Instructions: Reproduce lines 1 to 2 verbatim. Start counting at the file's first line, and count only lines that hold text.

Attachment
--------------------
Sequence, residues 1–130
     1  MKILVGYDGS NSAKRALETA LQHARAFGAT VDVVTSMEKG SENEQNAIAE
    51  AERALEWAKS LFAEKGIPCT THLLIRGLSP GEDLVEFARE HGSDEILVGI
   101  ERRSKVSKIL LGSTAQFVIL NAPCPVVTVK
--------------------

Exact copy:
Sequence, residues 1–130
     1  MKILVGYDGS NSAKRALETA LQHARAFGAT VDVVTSMEKG SENEQNAIAE